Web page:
The Baker and Swerdloff [6][7] method was published in 1955. It was presented in the form of graphs for estimating gas/oil surface tension (Fig. 2).

Equations to calculate the dead oil surface tension at 68 and 100°F are

RTENOTITLE....................(17)

and

RTENOTITLE....................(18)

Beggs[8] suggests that for temperatures greater than 100°F, the value calculated for 100°F should be used. Similarly, if the temperature is less than 68°F, the value calculated for 68°F should be used. For intermediate temperatures, surface tension is derived by linear interpolation as described by

RTENOTITLE....................(19)

At pressures greater than atmospheric pressure, gas is dissolved in the oil, which reduces surface tension. Baker and Swerdloff provided the graphical correction factor shown in Fig. 3, which can be reproduced mathematically by

RTENOTITLE....................(20)

The live oil surface tension is then derived from

RTENOTITLE....................(21)

In 2000, Abdul-Majeed[9] presented an update to Baker and Swerdloff’s correlation. Surface tension data from 18 crude oils covering the temperature range 60 to 130°F was used to derive Eq. 22, which Fig. 4 shows graphically.

RTENOTITLE....................(22)

Data acquired from 42 crude oil/gas systems was used to develop the live oil correction factor. These data, shown graphically in Fig. 5, can be represented by

RTENOTITLE....................(23)

As with the Baker and Swerdloff method, the live oil surface tension is given by Eq. 21. Table 1 shows the statistics provided by Abdul-Majeed comparing the results of the proposed method with the Baker and Swerdloff method. Fig. 6 shows a comparison of the four methods for calculating interfacial tension.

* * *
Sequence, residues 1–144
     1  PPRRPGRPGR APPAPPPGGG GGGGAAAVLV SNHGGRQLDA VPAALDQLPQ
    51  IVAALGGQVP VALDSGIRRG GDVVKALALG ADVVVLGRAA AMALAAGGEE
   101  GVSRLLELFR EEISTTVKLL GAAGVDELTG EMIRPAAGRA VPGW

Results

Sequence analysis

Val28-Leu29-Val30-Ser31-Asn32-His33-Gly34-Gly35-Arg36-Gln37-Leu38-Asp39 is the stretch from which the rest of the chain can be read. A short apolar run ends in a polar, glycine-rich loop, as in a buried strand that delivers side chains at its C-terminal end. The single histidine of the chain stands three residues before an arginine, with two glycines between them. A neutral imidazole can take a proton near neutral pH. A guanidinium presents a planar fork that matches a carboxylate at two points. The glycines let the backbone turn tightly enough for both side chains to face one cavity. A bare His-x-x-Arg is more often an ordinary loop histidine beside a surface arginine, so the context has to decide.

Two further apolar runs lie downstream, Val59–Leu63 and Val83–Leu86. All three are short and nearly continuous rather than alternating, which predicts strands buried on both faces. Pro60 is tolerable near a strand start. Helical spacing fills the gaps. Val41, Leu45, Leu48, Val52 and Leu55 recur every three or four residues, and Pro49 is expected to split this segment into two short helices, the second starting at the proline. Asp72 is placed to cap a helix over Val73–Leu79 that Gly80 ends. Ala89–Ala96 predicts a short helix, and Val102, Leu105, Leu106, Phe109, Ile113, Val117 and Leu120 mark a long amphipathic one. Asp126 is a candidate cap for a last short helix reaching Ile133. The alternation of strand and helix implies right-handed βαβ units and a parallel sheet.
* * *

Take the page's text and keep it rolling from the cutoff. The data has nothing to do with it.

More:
Water-hydrocarbon surface tension

The surface tension of a water-hydrocarbon system varies from approximately 72 dynes/cm for water/gas systems to 20 to 40 dynes/cm for water/oil systems at atmospheric conditions. In 1973, Ramey[3] published methods to evaluate the surface tension of water-hydrocarbon mixtures. Unfortunately, this work was for liquid hydrocarbons and did not extend into the gas-phase region. A later publication by Firoozabadi and Ramey[10] provided a more generalized correlation suitable for use with gas and liquid hydrocarbons. Surface tension data from pure components ranging from n-dodecane to methane were plotted as shown in Fig. 7. The surface tension function used for the y-axis is

RTENOTITLE....................(24)

while the density difference between the water and hydrocarbon phase is plotted on the x-axis. The data in Fig. 7 can be represented by

RTENOTITLE....................(25)

Solving for surface tension, the relationship becomes

RTENOTITLE....................(26)

This equation requires that the pseudocritical temperature of the oil and gas phases be calculated to evaluate reduced temperature. Riazi’s[11] relationship for liquid hydrocarbons can be modified to yield

RTENOTITLE....................(27)

Sutton’s[12] equation for pseudocritical temperature can be used for the gas phase:

RTENOTITLE....................(28)

When the pressure increases and gas dissolves into the oil phase, the composition of that phase changes. The pseudocritical temperature of the mixture can be evaluated by calculating the mole fraction of each component present in the oil. For the oil component, we have

RTENOTITLE....................(29)

while the gas mole fraction in oil is

RTENOTITLE....................(30)

The pseudocritical temperature of the mixture is then the mole fraction weighted average pseudocritical temperature of each component:

RTENOTITLE....................(31)

This work serves as a guide for estimating the surface tension between water and hydrocarbons. Firoozabadi and Ramey recommended that a single point measurement for oil water systems be obtained so that the curve in Fig. 7 could be appropriately adjusted. Fig. 8 shows an example of results for oil/water and gas/water systems derived from this method.